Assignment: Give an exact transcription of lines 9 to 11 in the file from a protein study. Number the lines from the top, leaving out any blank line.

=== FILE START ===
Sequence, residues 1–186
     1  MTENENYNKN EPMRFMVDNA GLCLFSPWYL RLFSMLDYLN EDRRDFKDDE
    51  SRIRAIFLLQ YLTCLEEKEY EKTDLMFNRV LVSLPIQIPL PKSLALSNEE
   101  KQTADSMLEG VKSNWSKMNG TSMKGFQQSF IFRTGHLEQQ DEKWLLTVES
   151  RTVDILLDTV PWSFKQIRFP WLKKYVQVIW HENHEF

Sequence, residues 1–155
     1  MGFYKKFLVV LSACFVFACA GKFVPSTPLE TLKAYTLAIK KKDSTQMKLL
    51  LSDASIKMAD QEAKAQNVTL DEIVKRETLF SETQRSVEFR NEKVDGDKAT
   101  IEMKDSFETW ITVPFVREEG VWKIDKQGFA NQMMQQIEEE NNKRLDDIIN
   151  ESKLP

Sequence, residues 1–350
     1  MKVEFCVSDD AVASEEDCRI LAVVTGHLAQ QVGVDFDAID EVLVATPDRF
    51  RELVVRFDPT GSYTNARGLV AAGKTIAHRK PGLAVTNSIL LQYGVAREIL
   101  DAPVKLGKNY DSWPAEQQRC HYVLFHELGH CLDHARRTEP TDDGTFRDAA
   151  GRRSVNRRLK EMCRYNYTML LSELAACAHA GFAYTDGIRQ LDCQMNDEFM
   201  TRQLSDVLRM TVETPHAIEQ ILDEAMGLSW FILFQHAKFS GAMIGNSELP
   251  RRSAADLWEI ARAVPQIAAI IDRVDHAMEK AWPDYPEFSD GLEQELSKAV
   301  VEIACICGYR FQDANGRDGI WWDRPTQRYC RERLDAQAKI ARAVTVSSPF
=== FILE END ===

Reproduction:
   101  IEMKDSFETW ITVPFVREEG VWKIDKQGFA NQMMQQIEEE NNKRLDDIIN
   151  ESKLP

Sequence, residues 1–350